Wednesday, April 30, 2014

If it decided to snow again that would be a very cruel twist. The trails and roads are dry and clear, the skies blue, the days around 50, and the only snow remaining stubbornly hides under shadows in the woods.

Henry happily bumped along in his bike trailer over the weekend, loving every minute of it. Last summer I used to turn my head back every few minutes to check on him, whereas now I listen to the play by play of our ride to know he's doing fine.

"Tanker! Mail truck! Muddy puddles! Satellite dish!"

He thinks riding in the trailer is the cat's pajamas and is now actively asking for his own bike. Mission accomplished. We're currently leaning toward a push bike over a pedal bike, but still need to stew on it for a bit.

The warm weather means the sandbox is open. I don't know the details of the work order, but from what I've observed on the job site, the focus is in loading up the dump truck with sand via the excavator over and over again. It just never gets old. As the underwriter of the job, I only ask that we try to hit the sandbox on scheduled bath days.

Moments after putting on his new fire truck jammies, Henry decided for the first time to fix the light switch in the kitchen. Like a bullet out of a gun he could not be stopped, and we happily sat back and enjoyed the show.

Monday, April 14, 2014

Saturday we happily headed to St Elizabeth's for the honor of being Ann's godparents. Ann was less than excited about the water and oil while Henry kept running onto the altar to inspect the font. By the end of the ceremony I held Henry in my arms and Ann powered through. Success was achieved and we headed back for dinner and visiting at the Hamel's.

Henry sat across from Maggie and they both ate their meals nicely (though Henry finished early and headed quickly to the toys that loomed just out of view).

I offered Henry some conversational advice. "Ask Maggie how her day was."

"How was your day," he said.

"Good," Maggie replied.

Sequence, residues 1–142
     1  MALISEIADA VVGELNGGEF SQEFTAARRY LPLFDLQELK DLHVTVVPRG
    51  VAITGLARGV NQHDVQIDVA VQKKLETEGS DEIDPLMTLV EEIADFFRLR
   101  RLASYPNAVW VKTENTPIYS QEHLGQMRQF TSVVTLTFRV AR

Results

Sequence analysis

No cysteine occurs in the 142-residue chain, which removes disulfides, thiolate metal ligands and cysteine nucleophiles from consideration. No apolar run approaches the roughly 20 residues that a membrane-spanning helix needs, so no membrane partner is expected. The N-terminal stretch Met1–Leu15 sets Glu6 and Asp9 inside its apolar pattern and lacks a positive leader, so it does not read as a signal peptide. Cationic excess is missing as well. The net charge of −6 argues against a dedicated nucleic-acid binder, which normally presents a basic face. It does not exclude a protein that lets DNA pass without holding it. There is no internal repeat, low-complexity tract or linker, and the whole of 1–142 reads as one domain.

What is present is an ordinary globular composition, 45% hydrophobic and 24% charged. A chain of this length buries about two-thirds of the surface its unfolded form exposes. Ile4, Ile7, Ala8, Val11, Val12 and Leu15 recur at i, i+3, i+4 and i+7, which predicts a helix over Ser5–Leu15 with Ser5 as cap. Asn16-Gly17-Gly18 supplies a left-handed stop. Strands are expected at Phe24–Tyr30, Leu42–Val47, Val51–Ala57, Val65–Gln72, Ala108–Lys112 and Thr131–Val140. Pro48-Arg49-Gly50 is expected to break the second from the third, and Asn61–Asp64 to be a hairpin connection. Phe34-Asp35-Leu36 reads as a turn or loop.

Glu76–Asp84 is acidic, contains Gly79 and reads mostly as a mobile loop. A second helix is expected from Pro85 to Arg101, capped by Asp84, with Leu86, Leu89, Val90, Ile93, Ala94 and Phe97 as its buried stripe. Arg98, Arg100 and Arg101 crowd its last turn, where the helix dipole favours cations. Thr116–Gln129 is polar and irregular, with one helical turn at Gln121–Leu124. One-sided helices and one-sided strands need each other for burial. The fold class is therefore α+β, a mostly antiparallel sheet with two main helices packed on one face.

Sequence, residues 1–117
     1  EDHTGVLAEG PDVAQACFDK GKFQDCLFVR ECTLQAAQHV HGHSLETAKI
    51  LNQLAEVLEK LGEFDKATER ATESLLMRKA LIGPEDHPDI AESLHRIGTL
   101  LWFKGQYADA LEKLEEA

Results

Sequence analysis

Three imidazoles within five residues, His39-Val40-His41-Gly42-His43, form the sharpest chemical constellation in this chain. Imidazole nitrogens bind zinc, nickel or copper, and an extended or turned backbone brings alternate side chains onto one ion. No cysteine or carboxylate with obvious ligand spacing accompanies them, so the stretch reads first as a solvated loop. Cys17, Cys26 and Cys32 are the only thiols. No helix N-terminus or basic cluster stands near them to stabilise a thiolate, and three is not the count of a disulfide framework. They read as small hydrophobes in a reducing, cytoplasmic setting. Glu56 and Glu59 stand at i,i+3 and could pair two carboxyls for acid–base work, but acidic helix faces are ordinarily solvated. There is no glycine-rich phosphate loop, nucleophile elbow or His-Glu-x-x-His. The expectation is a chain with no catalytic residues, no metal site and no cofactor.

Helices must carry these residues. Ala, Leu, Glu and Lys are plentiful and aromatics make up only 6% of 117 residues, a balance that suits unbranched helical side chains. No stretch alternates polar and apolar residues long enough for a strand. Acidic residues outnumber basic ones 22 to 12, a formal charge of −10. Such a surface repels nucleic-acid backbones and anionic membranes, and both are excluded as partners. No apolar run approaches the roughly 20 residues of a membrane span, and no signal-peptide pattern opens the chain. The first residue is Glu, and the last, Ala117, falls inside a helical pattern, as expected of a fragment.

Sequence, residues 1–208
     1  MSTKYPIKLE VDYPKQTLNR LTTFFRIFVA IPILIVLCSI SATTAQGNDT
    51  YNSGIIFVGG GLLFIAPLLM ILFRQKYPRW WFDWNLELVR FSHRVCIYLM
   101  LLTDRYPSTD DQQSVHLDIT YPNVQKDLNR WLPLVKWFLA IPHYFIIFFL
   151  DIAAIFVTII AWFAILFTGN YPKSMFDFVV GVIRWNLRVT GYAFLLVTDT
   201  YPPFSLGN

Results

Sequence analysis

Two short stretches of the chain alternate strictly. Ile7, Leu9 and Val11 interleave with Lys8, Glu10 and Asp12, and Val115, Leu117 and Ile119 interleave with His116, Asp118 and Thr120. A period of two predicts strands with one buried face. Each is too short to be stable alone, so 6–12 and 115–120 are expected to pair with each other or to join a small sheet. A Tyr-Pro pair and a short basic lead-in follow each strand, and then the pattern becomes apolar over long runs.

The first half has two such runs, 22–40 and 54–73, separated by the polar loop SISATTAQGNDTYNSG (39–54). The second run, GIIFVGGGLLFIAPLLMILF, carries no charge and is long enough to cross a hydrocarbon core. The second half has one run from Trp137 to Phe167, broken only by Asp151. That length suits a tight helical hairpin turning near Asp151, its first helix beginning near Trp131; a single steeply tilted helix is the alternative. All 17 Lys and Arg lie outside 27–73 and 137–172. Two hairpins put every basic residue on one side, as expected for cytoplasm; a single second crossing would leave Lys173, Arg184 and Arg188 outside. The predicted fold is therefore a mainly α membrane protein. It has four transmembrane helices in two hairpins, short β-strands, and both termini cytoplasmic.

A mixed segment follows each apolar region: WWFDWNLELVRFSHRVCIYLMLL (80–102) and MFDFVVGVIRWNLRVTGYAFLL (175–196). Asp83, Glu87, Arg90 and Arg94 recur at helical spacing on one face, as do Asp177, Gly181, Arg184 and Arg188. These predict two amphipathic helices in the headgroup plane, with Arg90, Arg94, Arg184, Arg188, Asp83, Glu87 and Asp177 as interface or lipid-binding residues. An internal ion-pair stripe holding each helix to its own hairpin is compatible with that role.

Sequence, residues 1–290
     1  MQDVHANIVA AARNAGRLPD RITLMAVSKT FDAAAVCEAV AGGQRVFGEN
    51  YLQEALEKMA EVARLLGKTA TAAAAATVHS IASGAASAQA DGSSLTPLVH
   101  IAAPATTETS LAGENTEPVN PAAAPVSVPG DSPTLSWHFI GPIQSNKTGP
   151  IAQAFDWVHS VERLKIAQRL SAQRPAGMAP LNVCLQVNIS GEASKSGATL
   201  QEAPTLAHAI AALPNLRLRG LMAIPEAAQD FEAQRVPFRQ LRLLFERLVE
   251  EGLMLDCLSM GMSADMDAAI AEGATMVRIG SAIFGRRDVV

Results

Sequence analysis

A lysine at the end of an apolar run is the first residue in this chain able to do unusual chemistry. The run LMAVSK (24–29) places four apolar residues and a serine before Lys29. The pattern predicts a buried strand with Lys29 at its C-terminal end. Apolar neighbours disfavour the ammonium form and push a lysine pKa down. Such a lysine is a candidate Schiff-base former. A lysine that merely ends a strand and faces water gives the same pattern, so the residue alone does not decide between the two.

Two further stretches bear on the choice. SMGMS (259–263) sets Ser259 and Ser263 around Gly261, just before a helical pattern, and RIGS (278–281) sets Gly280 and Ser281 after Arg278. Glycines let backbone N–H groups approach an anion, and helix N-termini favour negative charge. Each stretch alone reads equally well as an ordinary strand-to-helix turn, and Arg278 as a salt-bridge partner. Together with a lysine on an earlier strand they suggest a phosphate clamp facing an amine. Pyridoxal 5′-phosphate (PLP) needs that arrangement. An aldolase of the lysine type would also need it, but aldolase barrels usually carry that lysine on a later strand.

A few oranges and spoonfuls of rice went in before Henry tried again. "There is a washer and a dryer."

Maggie offered, "They are red."

More chewing and sitting politely.

"How old are you, Henry?"

"I'm 2," Henry said.

"I'm 5." I remember Maggie just turning 3 a few months ago, but what do I know.


When showing Henry the photos uploaded to flickr, he smiled after pointing and naming Maggie and Ann. A serious face then turned to me. "Where are pictures of the washer and dryer?" Sorry, kid, we missed that detail.

The important things always stick in our memories. If I ask Henry what he ate for lunch he'll say, "Macaroni and cheese." If I then crane my head towards Becky I'll see her rolling here eyes. "It was a peanut butter sandwich." If you ask him what happened at the end of playtime at St Elizabeth's last week, expect a play by play whose accuracy will not be in question.

"The smoke detectors went off."


"There was a fire drill. All of the doors shut."

"Were you scared."

"No. The smoke detectors keep us safe. The man was checking the smoke detectors."

At this point he'll spiral into a description of the long wand the workman used to check the smoke detectors in the gymnasium. This may be his most important memory made thus far.

Wednesday, April 9, 2014

It's still in the teens most mornings, but our daytime highs end up around 40, so the melt is on. The local lakes are not terribly safe for skating anymore, so we've been heading to UAA to lace up the skates each Friday evening. It's ended up being mainly a Daddy and Henry event, though Mom did come out to take some pictures last week and noticed just how much better Henry is.

He can stand very well in his skates and tic-tac right ahead without falling, which is far beyond the ankle rolling he dabbled in 3 months ago. Even though he fusses greatly when I let go of his hands, the fact remains that he is able to stand just fine without help. Mentally, he needs to embrace the fact that he does skate on his own.

When people ask how much we skate, I honestly reply, "We do about 1-2 laps around the rink. It takes 35 minutes."

Even though his skills are increasing, I believe his concentration on the movement is taxing. So we stop to play in the penalty box, then spend some time in the corner staring at the zamboni through the glass, take another break on the player's benches, and then finish off at the goal with our eyes fixated on the scoreboard up above.  Oh, do we love the scoreboard.

The only problem with skating these days is how comfortable Henry is with his skates on carpeting. I used to be able to get his skates on and then take my time lacing up my own while he held himself up on my leg. That has gone the way of the dodo. He's off runnings once those skates get tied off. The new plan I have been using is taking off his boots, lacing up my skates, and then placing his skates on. It's tough to fight his need to explore, particularly when the scoreboard is a mere 20 feet away.

The most exciting news in our home is that Henry will have a new baby sister this August! Everyone is healthy and doing well and Henry seems very warm to the new addition. When asked over several occasions what a good name would be, he offered 3 options: Henry, Baby Sister, and Ice Cream.

There is not a loser in the bunch.